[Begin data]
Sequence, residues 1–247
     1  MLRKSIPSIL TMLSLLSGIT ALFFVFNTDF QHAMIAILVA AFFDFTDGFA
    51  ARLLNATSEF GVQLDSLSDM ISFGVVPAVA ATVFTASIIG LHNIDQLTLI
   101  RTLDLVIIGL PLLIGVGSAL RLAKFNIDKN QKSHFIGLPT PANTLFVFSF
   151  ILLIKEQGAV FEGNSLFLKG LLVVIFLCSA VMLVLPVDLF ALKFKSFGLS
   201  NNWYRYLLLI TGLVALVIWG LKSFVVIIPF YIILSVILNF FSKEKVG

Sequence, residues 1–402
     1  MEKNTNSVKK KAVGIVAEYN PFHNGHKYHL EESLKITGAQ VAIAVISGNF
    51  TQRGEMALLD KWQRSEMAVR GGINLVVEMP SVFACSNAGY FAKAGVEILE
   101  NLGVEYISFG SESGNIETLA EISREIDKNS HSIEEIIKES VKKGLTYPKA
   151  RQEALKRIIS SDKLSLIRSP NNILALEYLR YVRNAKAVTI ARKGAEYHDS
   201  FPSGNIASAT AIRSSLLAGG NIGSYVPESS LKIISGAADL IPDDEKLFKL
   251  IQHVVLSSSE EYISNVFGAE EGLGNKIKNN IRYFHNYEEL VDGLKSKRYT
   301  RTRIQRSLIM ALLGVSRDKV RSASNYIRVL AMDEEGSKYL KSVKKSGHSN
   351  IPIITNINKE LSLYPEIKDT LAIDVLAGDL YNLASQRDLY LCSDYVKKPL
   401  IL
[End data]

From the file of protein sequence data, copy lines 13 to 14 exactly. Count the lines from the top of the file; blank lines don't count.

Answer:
   251  IQHVVLSSSE EYISNVFGAE EGLGNKIKNN IRYFHNYEEL VDGLKSKRYT
   301  RTRIQRSLIM ALLGVSRDKV RSASNYIRVL AMDEEGSKYL KSVKKSGHSN